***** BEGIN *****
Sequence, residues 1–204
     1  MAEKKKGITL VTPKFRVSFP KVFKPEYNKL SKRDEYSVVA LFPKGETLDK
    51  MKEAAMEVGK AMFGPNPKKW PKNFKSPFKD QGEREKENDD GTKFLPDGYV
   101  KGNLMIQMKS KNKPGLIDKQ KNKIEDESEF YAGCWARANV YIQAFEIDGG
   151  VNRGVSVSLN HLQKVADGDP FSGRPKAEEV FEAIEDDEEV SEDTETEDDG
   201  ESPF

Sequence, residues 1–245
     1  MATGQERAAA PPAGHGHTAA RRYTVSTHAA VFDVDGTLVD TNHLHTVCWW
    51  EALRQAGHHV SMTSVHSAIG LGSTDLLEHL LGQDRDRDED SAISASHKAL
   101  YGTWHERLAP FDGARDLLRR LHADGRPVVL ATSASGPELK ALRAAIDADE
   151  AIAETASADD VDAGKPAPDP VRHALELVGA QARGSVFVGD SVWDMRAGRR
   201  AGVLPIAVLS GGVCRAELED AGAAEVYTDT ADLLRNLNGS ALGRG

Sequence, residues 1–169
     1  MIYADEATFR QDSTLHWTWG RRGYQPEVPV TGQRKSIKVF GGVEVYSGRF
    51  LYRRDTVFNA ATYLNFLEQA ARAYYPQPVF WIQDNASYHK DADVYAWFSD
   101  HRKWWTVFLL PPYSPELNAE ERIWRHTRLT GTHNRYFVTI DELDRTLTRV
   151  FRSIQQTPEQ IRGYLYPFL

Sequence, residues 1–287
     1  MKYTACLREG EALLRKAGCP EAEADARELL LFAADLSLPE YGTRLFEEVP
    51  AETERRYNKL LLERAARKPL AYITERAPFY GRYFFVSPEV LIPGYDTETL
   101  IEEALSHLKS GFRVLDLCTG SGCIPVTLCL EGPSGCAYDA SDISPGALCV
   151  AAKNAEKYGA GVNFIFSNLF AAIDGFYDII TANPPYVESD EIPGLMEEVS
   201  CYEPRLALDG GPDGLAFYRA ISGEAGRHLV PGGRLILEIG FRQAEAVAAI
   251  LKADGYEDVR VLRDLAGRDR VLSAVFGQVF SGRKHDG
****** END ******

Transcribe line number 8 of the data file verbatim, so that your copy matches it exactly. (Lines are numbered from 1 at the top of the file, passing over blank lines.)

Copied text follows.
     1  MATGQERAAA PPAGHGHTAA RRYTVSTHAA VFDVDGTLVD TNHLHTVCWW